Trump Was RIGHT About School Choice – Denver Has Proved It


Since embracing charter schools, Denver’s dropout rate was cut by more than half in the last decade.

According to an article in “Education Next”, by David Osborne, school choice has grown in Denver, Colorado to the point that today about two in five of the city’s students are in public charter schools or fairly similar innovation schools, and there is a waiting list to get in.

Book_Crippled America

In his book, “Crippled America,” Donald Trump writes that today’s public schools have a “dumbed-down” curriculum that is not preparing kids for real life.  He argues that our schools need to start challenging kids – and we need to start challenging the schools, allowing them to be more competitive.

“Competition is why I’m very much in favor of school choice.   Let schools compete for kids.   I guarantee that if you forced schools to get better or close because parents didn’t want to enroll their kids there, they would get better.”

Denver began implementing school choice ten years ago.  The results speak for themselves. The dropout rate was cut by more than half in the last decade. In the 2006 to 2007 school year, less than 40 percent of Denver students graduated on time. Today, about 65 percent do. The portion of students who scored at grade level or better in reading, writing and math also increased by 15 percentage points.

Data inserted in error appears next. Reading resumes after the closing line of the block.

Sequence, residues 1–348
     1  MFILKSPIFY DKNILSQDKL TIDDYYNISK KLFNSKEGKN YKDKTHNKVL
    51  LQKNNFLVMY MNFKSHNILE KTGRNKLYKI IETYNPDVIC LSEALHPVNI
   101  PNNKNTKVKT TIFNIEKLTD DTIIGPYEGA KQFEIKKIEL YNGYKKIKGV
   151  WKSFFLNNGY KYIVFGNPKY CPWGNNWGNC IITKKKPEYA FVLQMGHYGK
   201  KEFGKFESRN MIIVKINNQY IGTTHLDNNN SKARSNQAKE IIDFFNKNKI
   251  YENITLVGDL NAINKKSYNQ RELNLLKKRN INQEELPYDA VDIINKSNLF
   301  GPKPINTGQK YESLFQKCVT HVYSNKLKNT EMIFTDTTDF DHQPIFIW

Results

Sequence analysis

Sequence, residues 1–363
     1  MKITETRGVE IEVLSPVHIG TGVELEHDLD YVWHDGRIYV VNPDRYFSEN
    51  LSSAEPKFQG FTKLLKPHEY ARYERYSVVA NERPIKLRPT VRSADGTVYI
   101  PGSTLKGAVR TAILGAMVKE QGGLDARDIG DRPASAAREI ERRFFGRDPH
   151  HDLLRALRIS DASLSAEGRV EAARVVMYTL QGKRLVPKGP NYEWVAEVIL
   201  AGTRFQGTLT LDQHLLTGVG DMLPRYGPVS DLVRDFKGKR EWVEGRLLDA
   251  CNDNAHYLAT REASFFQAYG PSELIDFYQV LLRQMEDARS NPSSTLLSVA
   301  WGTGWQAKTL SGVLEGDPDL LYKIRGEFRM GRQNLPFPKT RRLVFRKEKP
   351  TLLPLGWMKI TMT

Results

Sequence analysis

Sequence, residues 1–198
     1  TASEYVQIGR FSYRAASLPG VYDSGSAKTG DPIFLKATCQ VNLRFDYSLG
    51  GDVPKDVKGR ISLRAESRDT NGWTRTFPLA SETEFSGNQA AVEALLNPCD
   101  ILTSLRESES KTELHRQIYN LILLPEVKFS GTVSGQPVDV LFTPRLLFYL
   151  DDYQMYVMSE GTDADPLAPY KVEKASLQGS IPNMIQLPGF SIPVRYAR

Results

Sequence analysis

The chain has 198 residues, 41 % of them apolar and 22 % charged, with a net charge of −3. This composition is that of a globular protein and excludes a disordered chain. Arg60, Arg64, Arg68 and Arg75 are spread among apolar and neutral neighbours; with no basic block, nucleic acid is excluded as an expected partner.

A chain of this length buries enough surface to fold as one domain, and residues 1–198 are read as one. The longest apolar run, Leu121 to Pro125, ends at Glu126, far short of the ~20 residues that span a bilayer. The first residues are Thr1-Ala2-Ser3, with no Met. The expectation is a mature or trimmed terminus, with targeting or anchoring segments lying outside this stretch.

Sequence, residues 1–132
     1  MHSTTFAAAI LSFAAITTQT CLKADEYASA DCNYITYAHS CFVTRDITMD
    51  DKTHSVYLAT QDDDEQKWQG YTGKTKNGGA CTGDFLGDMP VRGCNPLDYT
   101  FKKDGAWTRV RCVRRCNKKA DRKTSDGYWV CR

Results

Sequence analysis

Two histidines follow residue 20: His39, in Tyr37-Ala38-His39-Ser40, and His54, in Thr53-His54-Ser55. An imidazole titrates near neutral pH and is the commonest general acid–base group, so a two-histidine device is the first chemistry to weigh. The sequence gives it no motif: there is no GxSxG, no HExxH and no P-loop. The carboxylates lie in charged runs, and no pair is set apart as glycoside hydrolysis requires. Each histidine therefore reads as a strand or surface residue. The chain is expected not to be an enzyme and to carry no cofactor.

In “Crippled America”, Trump continues, “For two decades I’ve been urging politicians to open the schoolhouse doors and let parents decide which schools are best for their children.  Professional educators look to options such as school choice, charter schools, voucher programs, magnet schools and opportunity scholarships.”

Trump advocates that America needs to eliminate Common Core and return the basic control and responsibility for our schools to the states and local communities.

Group of teenagers sitting in classroom with raised hands.

Osborne writes that Denver has proven, for a decade now that charter schools offer a more effective model of urban education. Within another decade, the district could reach a tipping point, where a majority of public school families choose charters or innovation schools. When that happens, the reforms will be difficult to undo. And Denver will be well on the road to proving that an elected board can transform a 20th-century system organized on the principles of bureaucracy into a 21st-century system built to deliver continuous improvement.


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